THE WRITER William Camden in 1586 described Northallerton as "nothing but a long street; yet the most throng Beast fair upon St Bartholomew's day, that ever I saw."

The history of the town from then until now forms the backdrop to an Ordnance Survey map of Northallerton dating from 1911 that is published this week.

The map includes a contemporary directory that is a great "who's who" of Northallerton in 1911, and also a short history of the town by Mr Alan Godfrey.

Mr Godfrey looks at the major features of the town and examines whether William Camden's statement still rang true at the beginning of the 20th century.

The history of the prison, as the dominant structure in the town's landscape, is dealt with in detail.

Built on a rubbish dump, it opened its gates in 1788, but by 1848 overcrowding was a serious problem. There were 298 prisoners to 68 cells, meaning the chapel and the corridors were being used as makeshift dormitories.

So the prison was rebuilt along the Pentonville principle in the 1850s. The new building contained 173 cells for men, 60 for women, a treadmill and a hospital.

It closed in 1922, but was taken over by the army in 1939 and used as a training depot for military police - the trainees sleeping in the cells. Later, during the Second World War, it became a military detention centre, then after the war it re-opened as a prison.

Mr Godfrey's essay also provides an insight into how modern developments destroyed some of the town's most interesting features.

The famed livestock markets noted by William Camden in the 16th century were still as strong in the late 1800s, but were starting to cause real traffic problems on the high street.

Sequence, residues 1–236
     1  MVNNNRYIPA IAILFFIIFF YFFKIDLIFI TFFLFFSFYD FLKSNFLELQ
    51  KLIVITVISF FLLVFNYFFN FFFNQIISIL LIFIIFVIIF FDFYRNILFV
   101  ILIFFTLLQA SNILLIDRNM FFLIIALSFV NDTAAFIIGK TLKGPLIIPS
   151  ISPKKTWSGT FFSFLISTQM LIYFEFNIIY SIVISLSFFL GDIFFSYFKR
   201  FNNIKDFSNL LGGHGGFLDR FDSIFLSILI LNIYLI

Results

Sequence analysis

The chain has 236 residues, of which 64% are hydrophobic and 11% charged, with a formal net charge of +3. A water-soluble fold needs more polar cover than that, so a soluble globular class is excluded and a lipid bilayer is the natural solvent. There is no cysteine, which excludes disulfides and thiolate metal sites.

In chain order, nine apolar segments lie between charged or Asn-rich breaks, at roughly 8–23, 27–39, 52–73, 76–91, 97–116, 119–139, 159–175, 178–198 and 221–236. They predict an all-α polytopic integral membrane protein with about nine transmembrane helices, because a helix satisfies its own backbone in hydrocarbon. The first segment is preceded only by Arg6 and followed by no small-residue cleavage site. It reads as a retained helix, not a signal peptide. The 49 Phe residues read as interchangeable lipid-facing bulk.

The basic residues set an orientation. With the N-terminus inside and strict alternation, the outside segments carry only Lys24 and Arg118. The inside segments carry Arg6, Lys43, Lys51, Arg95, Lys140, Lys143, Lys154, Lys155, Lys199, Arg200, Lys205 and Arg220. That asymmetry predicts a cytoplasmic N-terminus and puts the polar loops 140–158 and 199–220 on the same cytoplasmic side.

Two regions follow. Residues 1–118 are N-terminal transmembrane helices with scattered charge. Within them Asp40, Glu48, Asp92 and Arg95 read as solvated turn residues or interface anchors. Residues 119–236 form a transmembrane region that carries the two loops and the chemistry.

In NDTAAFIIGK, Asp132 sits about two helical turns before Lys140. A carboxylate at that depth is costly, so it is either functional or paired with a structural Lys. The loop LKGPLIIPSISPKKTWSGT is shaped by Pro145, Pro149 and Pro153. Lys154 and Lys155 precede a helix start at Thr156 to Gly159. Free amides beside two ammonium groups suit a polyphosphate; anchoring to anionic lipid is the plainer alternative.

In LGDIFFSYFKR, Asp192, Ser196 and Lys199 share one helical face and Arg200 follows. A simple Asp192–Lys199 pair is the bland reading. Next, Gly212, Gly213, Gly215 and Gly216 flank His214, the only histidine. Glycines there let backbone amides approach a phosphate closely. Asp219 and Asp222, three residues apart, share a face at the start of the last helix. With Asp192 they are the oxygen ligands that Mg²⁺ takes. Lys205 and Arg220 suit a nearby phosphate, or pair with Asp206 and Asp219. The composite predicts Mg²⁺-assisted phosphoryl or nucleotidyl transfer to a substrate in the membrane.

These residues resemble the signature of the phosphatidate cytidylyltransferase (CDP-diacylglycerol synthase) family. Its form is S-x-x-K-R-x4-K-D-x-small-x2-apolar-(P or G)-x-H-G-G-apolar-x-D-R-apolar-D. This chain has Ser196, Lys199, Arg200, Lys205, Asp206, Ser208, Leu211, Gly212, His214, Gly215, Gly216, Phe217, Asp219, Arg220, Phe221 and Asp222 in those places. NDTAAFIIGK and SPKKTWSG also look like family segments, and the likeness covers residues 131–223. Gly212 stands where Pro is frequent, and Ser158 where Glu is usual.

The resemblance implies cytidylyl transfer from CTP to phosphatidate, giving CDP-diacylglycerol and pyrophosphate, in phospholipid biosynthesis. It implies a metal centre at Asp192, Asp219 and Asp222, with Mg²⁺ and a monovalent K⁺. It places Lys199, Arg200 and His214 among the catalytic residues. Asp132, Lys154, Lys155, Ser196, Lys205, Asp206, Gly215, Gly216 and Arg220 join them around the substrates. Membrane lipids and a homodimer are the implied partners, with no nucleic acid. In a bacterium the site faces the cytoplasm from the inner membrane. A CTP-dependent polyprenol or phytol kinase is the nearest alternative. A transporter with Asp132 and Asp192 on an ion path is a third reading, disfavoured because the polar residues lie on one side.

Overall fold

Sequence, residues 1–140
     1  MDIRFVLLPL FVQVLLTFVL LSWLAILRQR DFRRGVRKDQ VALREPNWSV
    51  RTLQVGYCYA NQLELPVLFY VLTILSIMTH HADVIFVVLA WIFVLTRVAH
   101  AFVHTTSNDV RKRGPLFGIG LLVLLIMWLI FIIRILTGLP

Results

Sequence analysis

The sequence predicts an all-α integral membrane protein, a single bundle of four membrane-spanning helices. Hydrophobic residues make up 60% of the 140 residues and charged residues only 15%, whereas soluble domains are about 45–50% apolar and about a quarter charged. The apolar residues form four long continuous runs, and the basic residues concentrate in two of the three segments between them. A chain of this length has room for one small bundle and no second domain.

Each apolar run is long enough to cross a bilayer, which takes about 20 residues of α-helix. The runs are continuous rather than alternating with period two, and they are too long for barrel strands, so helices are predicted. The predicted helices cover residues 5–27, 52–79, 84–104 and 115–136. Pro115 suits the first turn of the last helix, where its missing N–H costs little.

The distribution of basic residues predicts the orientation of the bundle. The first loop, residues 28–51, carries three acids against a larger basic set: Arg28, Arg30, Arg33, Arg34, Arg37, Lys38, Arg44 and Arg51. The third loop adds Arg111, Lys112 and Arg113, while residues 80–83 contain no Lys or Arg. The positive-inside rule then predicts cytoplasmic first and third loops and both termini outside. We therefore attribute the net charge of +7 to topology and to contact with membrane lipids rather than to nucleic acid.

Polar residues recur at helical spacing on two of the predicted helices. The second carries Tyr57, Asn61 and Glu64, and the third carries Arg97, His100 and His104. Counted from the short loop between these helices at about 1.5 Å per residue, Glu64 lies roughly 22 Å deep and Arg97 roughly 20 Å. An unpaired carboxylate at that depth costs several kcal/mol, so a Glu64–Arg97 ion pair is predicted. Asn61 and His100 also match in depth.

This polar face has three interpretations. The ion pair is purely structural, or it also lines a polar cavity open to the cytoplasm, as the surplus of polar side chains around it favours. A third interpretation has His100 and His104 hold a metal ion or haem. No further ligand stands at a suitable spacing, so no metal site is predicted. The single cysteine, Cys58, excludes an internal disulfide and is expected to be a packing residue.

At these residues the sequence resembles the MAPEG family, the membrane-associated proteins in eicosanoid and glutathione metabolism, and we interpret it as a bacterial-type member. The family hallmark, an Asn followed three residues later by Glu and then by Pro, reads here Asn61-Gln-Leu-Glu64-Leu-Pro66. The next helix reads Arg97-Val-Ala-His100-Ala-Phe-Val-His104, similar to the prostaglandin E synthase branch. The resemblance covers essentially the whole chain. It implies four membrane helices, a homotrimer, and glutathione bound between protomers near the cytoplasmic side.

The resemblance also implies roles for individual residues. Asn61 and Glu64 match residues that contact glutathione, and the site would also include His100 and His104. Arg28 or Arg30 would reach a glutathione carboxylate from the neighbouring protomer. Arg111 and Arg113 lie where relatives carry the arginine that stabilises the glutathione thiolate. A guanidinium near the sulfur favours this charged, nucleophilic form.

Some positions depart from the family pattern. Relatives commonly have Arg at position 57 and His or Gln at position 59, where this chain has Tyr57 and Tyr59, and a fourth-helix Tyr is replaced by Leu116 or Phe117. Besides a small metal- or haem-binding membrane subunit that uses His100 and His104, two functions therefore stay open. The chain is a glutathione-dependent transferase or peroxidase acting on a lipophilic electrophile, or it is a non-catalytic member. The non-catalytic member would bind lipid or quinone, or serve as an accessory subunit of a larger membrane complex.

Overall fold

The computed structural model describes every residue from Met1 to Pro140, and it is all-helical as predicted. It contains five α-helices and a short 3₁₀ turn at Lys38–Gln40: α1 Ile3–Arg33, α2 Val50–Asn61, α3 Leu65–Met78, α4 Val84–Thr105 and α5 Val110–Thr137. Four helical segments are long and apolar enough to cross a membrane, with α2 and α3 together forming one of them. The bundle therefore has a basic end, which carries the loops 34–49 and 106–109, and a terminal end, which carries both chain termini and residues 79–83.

Atkinson's auction mart was opened near the railway station in 1873, taking the strain off the high street. It was followed by Malpas mart in 1882 and Applegarth mart in 1907.

The removal of the livestock trade from the town centre led to the demolition of the old butcher's shambles in the high street. The town's market cross and toll booth were sold off, to be replaced by a town hall that Mr Godfrey calls "quite staggeringly ugly".

While much of what is today housing developments are just open fields on the 1911 map, the housing that existed then was by no means spacious.

A large part of the population lived in cramped conditions in yards sited just off the high street, which were demolished in the slum clearance programme of the 1950s.

Tickle Toby yard in the 1900s boasted stables, houses, an early fire station, slaughter houses, privies, a dung heap and a graveyard.

The biggest feature on the map that is no longer there was the Miles Sykes linoleum factory on Romanby Road, which at one time employed 200 people.

Another lost feature is the racecourse at the south of the town, which opened in 1765.

But it was gradually squeezed out by the land-hungry railway station and the new auction mart. The last race there ran in 1880 and the only remnant of its existence in the town today is Racecourse Lane.

The decline of the racetrack left a prime site for redevelopment at the southern end of the town, and this was partly filled with two new public buildings.

County hall, designed by Walter Brierly, would still have looked fresh when this map was produced, as it was built in 1906. Next door, a new police headquarters was completed in 1910.

The defining features of the town today were nearly all in place by the time the Ordnance Survey came by in 1911. The map and its accompanying essay show the origins of the most striking buildings in Northallerton and give a fascinating insight into what went before.

Northallerton 1911, the Godfrey Edition is published as part of the Old Ordnance Survey Maps series, priced £1.95